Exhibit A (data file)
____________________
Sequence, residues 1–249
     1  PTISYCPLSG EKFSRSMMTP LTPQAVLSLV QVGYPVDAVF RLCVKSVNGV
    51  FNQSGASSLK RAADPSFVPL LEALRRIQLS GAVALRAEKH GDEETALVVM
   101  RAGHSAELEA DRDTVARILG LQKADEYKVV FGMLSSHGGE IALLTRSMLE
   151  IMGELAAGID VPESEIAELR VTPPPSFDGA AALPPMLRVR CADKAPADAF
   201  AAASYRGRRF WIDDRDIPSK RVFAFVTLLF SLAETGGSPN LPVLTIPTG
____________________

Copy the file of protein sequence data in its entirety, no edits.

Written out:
Sequence, residues 1–249
     1  PTISYCPLSG EKFSRSMMTP LTPQAVLSLV QVGYPVDAVF RLCVKSVNGV
    51  FNQSGASSLK RAADPSFVPL LEALRRIQLS GAVALRAEKH GDEETALVVM
   101  RAGHSAELEA DRDTVARILG LQKADEYKVV FGMLSSHGGE IALLTRSMLE
   151  IMGELAAGID VPESEIAELR VTPPPSFDGA AALPPMLRVR CADKAPADAF
   201  AAASYRGRRF WIDDRDIPSK RVFAFVTLLF SLAETGGSPN LPVLTIPTG